This is the story of Pam and John; she in her early 50’s and John is 62. Pam is a college professor. John taught at a local community college until diagnosed with Parkinson’s in March 2008, then Lewy Body Dementia in April.


Sunday, September 7, 2008

communication without words

I attended a conference on environmental ethics this weekend. This morning I heard a talk on “Nature’s Voice and Human Flourishing: The Possibilities of Ecological Democracy” by Roger S. Gottlieb. Gottlieb wants to imagine a democracy that includes participation by non-human life, and so he spoke about how we can communicated with other living things even though we can't argue with them. He had a phrase I liked and thought I had written down, but I don't find it in my notes. It was something about how we communicate by aligning ourselves with the other. It struck me as an important seed for me, to think about communicating without words. Trying to imagine what it would be like to be John doesn't get me very far, because I would react so differently if I were in his situation. But I'm beginning to develop my sense of what he would want.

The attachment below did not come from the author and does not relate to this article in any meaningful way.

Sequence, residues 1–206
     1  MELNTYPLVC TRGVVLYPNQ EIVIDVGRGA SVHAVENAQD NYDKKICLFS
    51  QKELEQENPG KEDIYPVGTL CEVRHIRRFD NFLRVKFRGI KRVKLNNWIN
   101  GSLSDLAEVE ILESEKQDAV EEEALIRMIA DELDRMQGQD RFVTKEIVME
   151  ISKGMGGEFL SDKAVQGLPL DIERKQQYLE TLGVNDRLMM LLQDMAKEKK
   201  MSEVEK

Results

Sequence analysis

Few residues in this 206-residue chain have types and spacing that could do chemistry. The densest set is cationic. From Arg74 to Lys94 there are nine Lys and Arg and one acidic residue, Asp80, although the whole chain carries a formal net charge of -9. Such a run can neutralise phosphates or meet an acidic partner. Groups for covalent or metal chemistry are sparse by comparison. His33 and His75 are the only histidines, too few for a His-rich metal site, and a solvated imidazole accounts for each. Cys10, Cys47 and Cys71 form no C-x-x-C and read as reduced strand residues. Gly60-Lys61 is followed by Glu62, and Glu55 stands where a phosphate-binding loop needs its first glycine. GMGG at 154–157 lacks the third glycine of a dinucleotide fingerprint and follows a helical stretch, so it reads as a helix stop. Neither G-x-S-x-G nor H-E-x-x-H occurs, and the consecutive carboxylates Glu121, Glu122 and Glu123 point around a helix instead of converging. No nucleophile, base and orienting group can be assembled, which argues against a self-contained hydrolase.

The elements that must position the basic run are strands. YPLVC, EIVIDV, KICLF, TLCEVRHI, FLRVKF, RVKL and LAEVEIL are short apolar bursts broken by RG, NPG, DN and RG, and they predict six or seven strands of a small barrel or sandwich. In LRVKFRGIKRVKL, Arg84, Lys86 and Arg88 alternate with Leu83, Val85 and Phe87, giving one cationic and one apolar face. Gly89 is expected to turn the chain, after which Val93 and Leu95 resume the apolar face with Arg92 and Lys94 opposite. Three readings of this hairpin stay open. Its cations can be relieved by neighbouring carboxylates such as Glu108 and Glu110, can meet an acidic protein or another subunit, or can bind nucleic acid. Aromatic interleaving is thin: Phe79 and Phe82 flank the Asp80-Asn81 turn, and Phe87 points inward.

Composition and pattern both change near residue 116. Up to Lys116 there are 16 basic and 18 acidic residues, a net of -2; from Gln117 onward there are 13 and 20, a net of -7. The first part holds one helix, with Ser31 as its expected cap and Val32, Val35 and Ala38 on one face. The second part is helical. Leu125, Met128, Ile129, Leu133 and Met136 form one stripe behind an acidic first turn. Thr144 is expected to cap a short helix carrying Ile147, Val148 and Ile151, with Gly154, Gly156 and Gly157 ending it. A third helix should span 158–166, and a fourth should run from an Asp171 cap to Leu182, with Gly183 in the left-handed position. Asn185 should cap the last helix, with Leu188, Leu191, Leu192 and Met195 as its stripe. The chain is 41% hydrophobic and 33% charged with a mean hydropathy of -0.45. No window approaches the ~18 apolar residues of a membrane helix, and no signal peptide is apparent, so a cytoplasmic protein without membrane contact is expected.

Update: I got a copy of the paper. The word is "attunement." He writes:

An “ecological” democracy would require that we learn to pay attention to what nature is saying to us: both by awareness of scientific knowledge and by a personal and collective process of attunement to plants, animals, and even ecosystems. By analogy this may not be totally unlike the attunement required for communicating with the severely handicapped, partnering with domesticated animals, or practicing truly sustainable agriculture. It may remind us of what political justice would look like between cultures so essentially different that they could not argue for their own interests in terms the other could understand.

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